Pav bhaji can be eaten as a kind-of burger, with the thick veg curry gravy slathered between the soft buns/pav.

Or eaten in the usual curry-with-flatbread style, as Bennie does.

Chatkora’s – go on, make that drive.

See earlier story here.

Chatkora’s is open Tuesday-Sunday.

Masterfully delicious

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Master Parotta, 218/220 Ballarat Road, Maidstone. Phone: 0403 687 339

Master Parotta is a sooper dooper Ballarat Road food truck.

It serves Malaysian food.

Malaysian food that is also, in many ways, Indian food – something along the lines of Panjali in Sunshine and Orange Hat in Altona.

Unsurprisingly, there are also similarities with Parotta Station in Brooklyn – though that is more your straight-up Indian eatery.

We love musing upon and enjoying the overlapping commonalities between these sorts of places – though really, referring to Indian food” or “Malaysian food” can seem a little silly when the lines are so blurred.

Same dynamic applies, more broadly, from the north Africa and the eastern Mediterranean right through to Japan.

The red lines drawn in colonial times – and sometimes redrawn since then – are meaningless to countless generations of cooks.

What fun!

Master Parotta, where the food is halal, has some seating and parking available, though I’m led to believe things can pick up here later at night, so both may then become scarce.

Don’t let that put you off!

We – myself, Bennie, Juz – eat very, very well.

With just one unknowing mis-step that will be rectified next visit – and that’ll be soon.

Lamb murtabak ($16) is wonderful in every way, a key ingredient being the slightly under-cooked onion that provides crunchy texture.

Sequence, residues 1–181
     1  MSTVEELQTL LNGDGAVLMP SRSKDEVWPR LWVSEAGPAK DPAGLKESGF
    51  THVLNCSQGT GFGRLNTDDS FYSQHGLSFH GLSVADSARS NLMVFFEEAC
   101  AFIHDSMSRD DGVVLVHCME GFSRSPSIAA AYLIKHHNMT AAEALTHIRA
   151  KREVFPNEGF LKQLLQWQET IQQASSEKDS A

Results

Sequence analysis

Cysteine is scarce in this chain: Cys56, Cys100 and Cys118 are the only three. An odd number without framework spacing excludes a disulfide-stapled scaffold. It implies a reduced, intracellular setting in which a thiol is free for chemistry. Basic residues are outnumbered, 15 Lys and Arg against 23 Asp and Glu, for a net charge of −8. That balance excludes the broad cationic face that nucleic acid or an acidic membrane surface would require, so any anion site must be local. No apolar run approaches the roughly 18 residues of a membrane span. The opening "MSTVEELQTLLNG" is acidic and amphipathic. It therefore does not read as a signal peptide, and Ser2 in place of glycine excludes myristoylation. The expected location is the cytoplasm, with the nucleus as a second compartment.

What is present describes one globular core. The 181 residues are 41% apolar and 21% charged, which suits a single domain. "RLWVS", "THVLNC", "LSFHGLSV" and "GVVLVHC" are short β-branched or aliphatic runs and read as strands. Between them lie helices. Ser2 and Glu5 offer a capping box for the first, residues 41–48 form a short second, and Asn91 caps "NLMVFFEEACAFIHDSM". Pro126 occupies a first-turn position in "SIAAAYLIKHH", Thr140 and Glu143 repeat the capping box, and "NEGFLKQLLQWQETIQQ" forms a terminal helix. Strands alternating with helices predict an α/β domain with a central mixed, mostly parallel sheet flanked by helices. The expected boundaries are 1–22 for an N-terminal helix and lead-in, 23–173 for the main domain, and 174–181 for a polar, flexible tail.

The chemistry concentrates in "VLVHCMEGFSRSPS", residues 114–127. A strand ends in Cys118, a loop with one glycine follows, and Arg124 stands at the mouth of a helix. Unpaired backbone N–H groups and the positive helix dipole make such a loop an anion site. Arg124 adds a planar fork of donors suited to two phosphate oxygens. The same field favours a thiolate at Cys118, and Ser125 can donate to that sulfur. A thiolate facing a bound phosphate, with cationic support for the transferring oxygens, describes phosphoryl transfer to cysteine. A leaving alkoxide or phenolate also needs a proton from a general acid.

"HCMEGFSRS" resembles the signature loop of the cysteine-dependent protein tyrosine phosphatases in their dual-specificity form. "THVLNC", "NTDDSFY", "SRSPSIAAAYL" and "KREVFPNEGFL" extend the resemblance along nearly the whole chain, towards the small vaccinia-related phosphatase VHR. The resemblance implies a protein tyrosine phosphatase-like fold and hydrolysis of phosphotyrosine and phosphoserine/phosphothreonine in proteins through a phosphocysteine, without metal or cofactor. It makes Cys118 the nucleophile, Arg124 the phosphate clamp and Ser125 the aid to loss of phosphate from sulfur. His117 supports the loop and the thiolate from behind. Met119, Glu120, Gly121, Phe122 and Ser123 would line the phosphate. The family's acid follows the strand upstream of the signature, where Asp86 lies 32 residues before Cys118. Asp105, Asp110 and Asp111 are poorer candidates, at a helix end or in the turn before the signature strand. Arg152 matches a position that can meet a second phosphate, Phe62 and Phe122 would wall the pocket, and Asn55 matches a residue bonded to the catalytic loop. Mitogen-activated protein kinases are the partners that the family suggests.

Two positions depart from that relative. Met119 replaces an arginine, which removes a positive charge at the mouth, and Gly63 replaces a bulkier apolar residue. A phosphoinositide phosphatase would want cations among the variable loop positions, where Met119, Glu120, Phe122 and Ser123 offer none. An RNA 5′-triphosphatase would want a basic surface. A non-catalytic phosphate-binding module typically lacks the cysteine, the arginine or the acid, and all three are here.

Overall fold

The parotta here come flatbread style – as opposed to the escargot/scroll versions at Parotta station.

Two egg parotta ($6.50 each) are excellent.

Important to note: The gravy/sauce that is served with both our murtabak and egg parottas is very good.

A sort of mix of veg and dal, it has more substance than the runny gravies we know from elsewhere.

As such, two egg parottas – or two of the other varieties (see menu below) – can constitute a light and affordable meal all on their own.

Mee goreng ($12) is fine, mildly spiced, nice and moist and with shredded/cubed chicken throughout.

Parotta Cobra is the most expensive dish on the Master Parotta menu at $20.

It’s described as “2pcs parotta, half boil egg, and come with chicken varuval”.

We enjoy it muchly, but rather wish the curry and egg (fried, not boiled) were not placed atop the parotta in a tub.

The curry has a heap of bones but is very tasty; and wetter than varuval we’ve enjoyed elsewhere.

Next time, we’ll order plain parottas ($8 for two) and a serve of one of the curries ($10-$12) so we can do the combining/mixing ourselves.

The cream scene

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Kariton Sorbetes, 50 Leeds Street, Footscray.

Think there’s a buzz and hububb, a pronounced air of delicious trendiness, surrounding Footscray’s new Filipino gelati joint?

You’re right!

Bennie and I first check it out a day or so after it opened.

It was Australia Day and 34C.

Yet still, as spied during our drive-by, the queue was something like 50 metres.

Um.

No thanks.

We’ll wait until the fuss has died down.

Maybe this year; maybe next.

But then, just days later, on a Saturday of lunching and market shopping – when you’d expect the crowd to be just as intense – we find the place pretty much deserted.

So in we go.

Looking at the Kariton FB page and website, we’d somehow gained the impression the place is mainly about fancy pre-made specialties.

Think “curated”, “styled” or maybe “designer-constructed”.

So we are thrilled to discover that in addition to such fridge items, Kariton does indeed serve up a range of flavours by the scoop and in cup or cone.

Yay!

It’s a neat place to hang while slurping.

Seating is down to a plain wall-side bench, while we prop at the stand-up bar at the window.

Bennie goes with ube halaya, described as “creamy purple yam (ube) gelato topped with our rich and decadent ube jam, preserved blackberry and malty, toasty latik (caramelised coconut curds)”.